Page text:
Still, it's understandable that executives want some sort of tracking to be in place. There's money being spent, and if it isn't being utilized efficiently, it should be spent elsewhere. Makes sense. However, frequently, these professionals lack the context and experience within software development to understand how ludicrous productivity management is.
If you can't trust your in-house engineering team or the firm you've partnered with for software development, you should fire them or yourself. Lack of trust kills productive teams, and implementing invasive metric systems will further inhibit your workforce.
Watch Your Team Members Devolve
The Pragmatic Engineer wrote a part one and part two in response to Mckinsey's initial publication. These articles serve as incredible insights into how metrics actually function within engineering teams and the impact they can have. One of the recurring themes was that no matter what metrics are used, more often than not, professionals are smart enough to manipulate the system. Even in the McKinsey article, there was a section regarding the fallibility of metrics and how they're misused. All of these points contribute to a worrying trend within the industry —”resume-driven development”.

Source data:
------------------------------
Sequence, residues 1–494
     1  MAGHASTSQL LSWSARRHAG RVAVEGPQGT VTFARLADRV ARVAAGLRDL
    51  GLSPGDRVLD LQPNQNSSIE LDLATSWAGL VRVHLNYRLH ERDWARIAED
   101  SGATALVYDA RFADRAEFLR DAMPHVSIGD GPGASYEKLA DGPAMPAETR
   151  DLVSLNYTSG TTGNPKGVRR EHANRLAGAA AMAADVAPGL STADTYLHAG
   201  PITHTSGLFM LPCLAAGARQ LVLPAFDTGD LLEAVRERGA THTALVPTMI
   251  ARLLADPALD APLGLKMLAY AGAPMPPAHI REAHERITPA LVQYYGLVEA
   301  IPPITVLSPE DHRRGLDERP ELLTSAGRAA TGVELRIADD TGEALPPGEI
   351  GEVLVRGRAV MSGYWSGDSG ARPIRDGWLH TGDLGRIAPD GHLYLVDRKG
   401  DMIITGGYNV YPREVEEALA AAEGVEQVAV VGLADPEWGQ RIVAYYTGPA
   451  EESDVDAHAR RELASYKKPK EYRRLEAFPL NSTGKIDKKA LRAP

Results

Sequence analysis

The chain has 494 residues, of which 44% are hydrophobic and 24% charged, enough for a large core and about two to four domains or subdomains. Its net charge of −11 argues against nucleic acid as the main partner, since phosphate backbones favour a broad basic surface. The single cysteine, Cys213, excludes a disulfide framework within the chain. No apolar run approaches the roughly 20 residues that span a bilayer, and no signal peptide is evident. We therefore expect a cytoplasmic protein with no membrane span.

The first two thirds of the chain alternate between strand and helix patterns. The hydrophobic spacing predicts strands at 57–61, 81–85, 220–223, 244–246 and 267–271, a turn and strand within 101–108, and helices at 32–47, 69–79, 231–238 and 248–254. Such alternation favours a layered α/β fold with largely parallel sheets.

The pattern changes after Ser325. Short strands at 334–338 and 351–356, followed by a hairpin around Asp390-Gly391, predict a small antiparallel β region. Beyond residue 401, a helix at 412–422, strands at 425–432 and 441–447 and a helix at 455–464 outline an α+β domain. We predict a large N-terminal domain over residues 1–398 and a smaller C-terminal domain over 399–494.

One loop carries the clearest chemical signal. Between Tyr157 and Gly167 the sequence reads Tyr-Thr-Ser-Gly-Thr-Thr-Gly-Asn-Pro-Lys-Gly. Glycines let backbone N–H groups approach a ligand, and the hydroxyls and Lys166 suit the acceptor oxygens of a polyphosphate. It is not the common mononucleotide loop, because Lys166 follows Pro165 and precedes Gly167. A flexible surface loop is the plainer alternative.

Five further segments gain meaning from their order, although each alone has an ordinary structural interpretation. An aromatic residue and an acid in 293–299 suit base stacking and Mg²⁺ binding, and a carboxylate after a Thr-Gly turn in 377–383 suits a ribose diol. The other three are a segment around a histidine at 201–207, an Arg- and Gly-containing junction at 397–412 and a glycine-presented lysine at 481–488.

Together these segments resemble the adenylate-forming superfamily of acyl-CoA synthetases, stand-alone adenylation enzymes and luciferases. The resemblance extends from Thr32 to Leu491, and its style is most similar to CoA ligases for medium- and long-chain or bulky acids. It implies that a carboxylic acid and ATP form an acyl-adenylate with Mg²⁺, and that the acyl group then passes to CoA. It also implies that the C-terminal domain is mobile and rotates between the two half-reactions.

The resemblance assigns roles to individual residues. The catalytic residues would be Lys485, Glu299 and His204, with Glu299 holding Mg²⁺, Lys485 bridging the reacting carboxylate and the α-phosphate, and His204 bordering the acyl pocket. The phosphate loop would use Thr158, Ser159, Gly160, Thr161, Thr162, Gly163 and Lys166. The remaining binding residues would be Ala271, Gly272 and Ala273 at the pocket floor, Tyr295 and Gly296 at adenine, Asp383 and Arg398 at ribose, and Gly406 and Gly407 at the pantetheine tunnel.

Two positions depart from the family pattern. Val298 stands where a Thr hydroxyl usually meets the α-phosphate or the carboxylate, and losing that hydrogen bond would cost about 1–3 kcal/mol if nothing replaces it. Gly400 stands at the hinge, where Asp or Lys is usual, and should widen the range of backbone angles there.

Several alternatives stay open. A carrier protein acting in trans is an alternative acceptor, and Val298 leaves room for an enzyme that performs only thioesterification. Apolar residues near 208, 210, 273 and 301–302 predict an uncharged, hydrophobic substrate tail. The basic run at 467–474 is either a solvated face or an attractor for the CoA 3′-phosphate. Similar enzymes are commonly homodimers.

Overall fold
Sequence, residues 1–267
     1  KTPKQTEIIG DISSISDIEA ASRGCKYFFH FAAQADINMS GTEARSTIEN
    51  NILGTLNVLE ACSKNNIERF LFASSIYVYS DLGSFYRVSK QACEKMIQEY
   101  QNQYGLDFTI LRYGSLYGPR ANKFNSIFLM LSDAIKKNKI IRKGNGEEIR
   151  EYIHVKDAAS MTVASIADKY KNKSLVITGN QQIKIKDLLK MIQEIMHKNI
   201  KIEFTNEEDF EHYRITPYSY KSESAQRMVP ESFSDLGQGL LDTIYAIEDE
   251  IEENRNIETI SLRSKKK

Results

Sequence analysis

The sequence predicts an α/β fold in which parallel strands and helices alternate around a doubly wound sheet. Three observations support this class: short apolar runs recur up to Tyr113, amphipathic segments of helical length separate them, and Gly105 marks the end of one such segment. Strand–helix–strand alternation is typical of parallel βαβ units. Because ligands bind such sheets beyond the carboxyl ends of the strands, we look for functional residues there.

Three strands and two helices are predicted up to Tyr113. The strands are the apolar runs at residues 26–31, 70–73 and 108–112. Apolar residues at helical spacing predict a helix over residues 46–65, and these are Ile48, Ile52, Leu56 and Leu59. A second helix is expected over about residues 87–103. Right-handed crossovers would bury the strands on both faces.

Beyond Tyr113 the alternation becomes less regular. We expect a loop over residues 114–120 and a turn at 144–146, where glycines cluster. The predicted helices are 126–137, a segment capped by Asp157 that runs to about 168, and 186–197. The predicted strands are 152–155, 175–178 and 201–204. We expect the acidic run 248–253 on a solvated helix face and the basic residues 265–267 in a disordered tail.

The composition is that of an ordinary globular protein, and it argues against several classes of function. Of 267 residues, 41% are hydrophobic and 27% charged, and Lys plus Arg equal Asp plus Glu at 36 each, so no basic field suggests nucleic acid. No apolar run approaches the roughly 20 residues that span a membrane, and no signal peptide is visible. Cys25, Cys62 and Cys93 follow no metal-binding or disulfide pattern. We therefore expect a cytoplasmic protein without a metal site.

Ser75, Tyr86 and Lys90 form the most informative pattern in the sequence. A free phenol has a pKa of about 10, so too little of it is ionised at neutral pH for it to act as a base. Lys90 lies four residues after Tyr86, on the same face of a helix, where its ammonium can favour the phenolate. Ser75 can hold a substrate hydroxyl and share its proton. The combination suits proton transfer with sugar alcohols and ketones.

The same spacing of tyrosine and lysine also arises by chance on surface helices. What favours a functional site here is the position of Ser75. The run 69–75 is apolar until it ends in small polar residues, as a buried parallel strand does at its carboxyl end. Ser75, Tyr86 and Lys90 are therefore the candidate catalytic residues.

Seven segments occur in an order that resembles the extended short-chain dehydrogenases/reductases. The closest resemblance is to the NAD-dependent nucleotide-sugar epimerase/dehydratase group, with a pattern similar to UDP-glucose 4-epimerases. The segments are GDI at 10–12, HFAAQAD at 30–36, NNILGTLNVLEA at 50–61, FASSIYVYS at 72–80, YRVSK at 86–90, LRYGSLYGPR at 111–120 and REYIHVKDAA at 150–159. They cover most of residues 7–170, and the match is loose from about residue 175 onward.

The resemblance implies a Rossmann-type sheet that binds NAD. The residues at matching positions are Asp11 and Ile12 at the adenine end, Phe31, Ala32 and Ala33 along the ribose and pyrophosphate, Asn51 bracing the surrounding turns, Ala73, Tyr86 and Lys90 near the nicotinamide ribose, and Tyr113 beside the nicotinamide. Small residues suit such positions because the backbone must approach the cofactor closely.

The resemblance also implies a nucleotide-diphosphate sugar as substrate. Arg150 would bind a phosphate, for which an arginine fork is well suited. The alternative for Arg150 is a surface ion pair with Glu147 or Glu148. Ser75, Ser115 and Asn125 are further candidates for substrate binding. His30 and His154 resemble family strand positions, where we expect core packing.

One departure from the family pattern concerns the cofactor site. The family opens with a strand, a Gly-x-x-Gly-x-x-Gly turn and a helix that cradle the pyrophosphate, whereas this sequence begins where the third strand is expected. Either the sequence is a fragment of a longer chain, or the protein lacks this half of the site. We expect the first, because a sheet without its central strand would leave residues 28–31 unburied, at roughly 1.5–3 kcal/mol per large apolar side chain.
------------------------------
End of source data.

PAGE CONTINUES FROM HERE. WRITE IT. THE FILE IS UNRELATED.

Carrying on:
Resume Driven Development (RDD) - The act of writing software using every possible library and the latest stacks, not with outcomes in mind, but in self interest of becoming more marketable or increasing ones own market value.
Say a set of metrics are implemented measuring effort. Well, then engineers will make sure whatever work they do contributes. But that's like saying a person lifting five pounds five times is the same as a person lifting 25 pounds once. The actual amount of effort, or "productivity," is different. The same can be said for metrics measuring output, outcome, and impact. Focusing on one area will leave parts of the canvas unpainted, and that's where bugs, defects, and poor quality become frequent issues. Engineers are smart people. They understand what is required of them. Treating them like children, with PMs and other managers acting the part of helicopter parents, is wasteful.